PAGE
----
Well...much has changed since mid September.
We discovered that Abraham of the Torah, Old Testament, and Quran is complex. In some ways there are three different Abrahams, just as there are three different faiths who share him. And yet there are many places where these monotheistic faiths agree about our common ancestor. Rabbi Rosen says in the book, "We should keep the differences and learn to respect them. Each religion has is particular approach to God. But we also have a universal dimension to our traditions that we share, and we must emphasize that as well."
Our conversation flowed back and forth over not only both the differences and similarities of Abraham but also of Judaism, Christianity and Islam. We agreed from the outset that collectively we didn't know much at all about Islam. We also discovered that while we were more familiar with the Torah especially in the ways it connects with our Old Testament, we lacked deep insight into how those stories are the foundation for living out the Jewish faith.
Over the last 4 weeks, this book has given us a chance to wrestle with how people act upon their beliefs in the world, both extremists and centrists. It gave us perspective on how we too easily group "like" people together when they really are very different. We agreed there is danger in grouping all Muslims together and we also agreed that it is unfair and even dangerous to group all Christians together.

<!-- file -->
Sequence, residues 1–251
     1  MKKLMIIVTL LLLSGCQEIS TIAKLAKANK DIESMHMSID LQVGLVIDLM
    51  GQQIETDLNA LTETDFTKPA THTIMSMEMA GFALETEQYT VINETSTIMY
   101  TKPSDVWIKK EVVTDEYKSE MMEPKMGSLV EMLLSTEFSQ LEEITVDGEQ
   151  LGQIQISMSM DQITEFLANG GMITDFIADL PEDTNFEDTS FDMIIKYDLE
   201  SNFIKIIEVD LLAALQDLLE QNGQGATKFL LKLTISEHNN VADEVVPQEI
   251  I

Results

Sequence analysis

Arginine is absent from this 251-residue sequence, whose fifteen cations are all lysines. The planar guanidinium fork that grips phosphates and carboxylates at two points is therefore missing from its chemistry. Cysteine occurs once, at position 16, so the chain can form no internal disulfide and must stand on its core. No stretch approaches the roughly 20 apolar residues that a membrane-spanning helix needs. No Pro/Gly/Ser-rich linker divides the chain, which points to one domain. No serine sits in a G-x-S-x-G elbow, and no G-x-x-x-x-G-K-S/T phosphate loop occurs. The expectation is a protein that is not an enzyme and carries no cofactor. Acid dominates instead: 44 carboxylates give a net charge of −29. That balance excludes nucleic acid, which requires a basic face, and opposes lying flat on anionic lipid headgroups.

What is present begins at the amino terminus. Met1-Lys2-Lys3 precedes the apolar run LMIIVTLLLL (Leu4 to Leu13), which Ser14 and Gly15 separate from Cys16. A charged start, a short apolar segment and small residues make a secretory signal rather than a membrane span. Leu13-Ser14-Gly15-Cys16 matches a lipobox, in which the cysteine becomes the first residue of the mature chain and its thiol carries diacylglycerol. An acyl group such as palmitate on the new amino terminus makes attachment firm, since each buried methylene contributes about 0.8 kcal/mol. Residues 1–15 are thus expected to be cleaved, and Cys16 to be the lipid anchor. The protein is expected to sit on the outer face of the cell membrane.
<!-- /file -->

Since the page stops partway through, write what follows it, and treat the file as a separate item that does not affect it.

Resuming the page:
Reading this book did not provide any easy answers. We agreed that we need to slow down and listen to each other, to not jump to conclusions or opinions when we have only a rudimentary understanding of another faith.
Reading this book did provide us the opportunity to talk to others in depth about current events, religion and faith in a way that we otherwise would not have had. That was key! We slowed down, listened, questioned, sometimes even just sat in silence when no one had an "answer". It was a holy conversation.
Abraham brought the three faiths together (again!) in a living room in the suburbs of Chicago. Because Judaism, Christianity and Islam share this complex ancestor, the possibility is there for shared understanding of each other in a complex world. Feiler ends by saying, "In a life blessed by God and hallowed by descendants as numerous as the stars, this may be his greatest legacy of all: Abraham is the seed of hope."